But there are many who would disagree with Cage. Surely we have seen more than enough examples of games with complex emotions--it’s hard to believe that all you’re ever going to feel while playing games like Shadow of the Colossus, Metal Gear Solid and Final Fantasy is anger, excitement, frustration, and competition. But Cage wants more--he believes the video game development industry needs to move into a new territory.
“All games look the same because we have exploited to the bone the potential of our current game paradigms. How many different games can you make where you shoot enemies in first person? You can make them look better, improve AI, graphics, physics, and so on, but fundamentally, the experience is still exactly the same. If we don’t invent new paradigms, if we cannot address the evolution of the market demographics and offer new kinds of experiences for an older audience, we will become no more than toys.”
Cage believes storytelling is one possible answer. However, this is not without its problems, namely publisher demands and a different set of development skills.
“Producing and selling games to a mature audience is a different job that requires a different strategy. I am sure that the market itself will help them [publishers] to understand the need for change. They [publishers] did not have a clue about emotion five years ago; today you cannot find a publisher who is not telling you that his product is emotionally involving.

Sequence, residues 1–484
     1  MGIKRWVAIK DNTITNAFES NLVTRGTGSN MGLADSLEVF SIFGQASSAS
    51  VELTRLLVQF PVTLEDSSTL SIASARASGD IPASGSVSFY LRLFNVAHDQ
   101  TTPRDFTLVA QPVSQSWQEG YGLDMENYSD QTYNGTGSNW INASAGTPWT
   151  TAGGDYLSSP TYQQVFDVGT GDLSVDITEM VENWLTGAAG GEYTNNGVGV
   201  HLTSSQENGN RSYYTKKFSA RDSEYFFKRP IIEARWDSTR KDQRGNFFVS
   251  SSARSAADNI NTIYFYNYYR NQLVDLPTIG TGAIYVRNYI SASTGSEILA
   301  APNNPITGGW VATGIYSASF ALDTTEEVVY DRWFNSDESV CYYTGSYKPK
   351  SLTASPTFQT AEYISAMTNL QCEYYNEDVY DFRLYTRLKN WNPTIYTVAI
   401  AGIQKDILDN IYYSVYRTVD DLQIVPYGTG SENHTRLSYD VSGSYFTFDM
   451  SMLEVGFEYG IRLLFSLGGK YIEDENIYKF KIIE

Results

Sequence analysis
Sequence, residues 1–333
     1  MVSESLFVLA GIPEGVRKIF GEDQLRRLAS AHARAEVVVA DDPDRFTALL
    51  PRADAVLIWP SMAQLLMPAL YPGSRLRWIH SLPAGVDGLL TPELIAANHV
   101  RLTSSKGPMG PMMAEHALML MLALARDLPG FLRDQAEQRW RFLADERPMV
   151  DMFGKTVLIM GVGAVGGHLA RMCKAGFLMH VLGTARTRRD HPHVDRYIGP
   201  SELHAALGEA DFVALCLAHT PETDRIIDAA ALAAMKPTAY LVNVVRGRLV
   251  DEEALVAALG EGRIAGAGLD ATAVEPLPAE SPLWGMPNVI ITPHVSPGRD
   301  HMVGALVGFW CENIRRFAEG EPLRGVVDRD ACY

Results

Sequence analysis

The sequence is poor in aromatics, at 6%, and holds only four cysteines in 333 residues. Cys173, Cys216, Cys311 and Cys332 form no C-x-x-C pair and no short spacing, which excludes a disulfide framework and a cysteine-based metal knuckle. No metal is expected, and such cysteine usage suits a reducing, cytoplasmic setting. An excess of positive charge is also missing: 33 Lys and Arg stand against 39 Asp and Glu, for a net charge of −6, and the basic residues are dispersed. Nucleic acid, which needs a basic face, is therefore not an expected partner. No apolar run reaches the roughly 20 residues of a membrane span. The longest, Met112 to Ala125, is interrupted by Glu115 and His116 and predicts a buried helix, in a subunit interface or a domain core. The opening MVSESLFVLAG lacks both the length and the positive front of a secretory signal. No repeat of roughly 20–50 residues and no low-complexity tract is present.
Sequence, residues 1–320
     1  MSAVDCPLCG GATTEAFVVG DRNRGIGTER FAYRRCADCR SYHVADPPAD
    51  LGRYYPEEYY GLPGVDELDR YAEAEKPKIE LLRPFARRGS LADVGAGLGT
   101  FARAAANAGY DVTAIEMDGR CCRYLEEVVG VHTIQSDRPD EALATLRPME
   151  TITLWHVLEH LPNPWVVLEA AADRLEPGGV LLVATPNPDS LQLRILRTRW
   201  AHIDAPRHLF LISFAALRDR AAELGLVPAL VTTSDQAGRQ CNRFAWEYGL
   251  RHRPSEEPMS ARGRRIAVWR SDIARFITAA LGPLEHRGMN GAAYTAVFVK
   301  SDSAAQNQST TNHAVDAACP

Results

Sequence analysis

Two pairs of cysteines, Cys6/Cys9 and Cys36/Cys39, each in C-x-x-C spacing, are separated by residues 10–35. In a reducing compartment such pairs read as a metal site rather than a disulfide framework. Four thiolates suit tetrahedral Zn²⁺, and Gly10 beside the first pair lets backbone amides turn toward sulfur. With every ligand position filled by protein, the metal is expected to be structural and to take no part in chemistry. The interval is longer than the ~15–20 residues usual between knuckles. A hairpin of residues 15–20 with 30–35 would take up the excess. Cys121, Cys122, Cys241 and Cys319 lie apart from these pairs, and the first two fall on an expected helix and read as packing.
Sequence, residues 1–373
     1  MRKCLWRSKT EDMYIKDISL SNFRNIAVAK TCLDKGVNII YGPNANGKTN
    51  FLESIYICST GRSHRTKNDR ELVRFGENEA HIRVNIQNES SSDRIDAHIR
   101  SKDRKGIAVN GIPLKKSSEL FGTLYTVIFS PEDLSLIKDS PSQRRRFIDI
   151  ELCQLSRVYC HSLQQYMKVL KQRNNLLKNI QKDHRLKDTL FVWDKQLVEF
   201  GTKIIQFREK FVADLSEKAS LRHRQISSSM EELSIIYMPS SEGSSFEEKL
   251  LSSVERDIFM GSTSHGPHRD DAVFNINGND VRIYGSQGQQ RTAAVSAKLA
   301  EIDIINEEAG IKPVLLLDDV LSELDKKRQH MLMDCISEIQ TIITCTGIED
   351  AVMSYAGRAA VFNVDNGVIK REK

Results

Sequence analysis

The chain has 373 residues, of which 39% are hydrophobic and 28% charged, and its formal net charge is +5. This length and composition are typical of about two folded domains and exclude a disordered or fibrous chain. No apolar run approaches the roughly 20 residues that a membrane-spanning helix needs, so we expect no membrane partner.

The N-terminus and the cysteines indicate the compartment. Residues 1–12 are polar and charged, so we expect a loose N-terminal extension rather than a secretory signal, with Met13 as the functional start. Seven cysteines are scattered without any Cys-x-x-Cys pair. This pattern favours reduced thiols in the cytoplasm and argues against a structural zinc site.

“The second issue is that there is no grammar for interactive storytelling at the moment and very few people in the world working on this. I think Heavy Rain is the only AAA title based on interactive storytelling in development at the moment. Working on this new generation of experiences requires a very different type of skills.”
For example, instead of having levels designers define where enemies and ammo should be placed on the map, Cage would like to see writers creating appealing stories and characters. With this new format, he hopes games will one day be created by authors.
“I don’t believe that games should be ‘fun’; I prefer to say that like any other form of entertainment, they should be engrossing and make you feel different things. I hope that Heavy Rain will demonstrate that in a way that will inspire other people to try this new direction. This is maybe the biggest step the industry has to make.”
Cage was inspired to create Heavy Rain after the agonising experience of temporarily losing his six-year-old son while shopping with his wife. The panic, despair and guilt suffered during that brief period led Cage to try a different approach in his work: writing something more personal, more related to him as a human being, as opposed to “heroes saving the world”.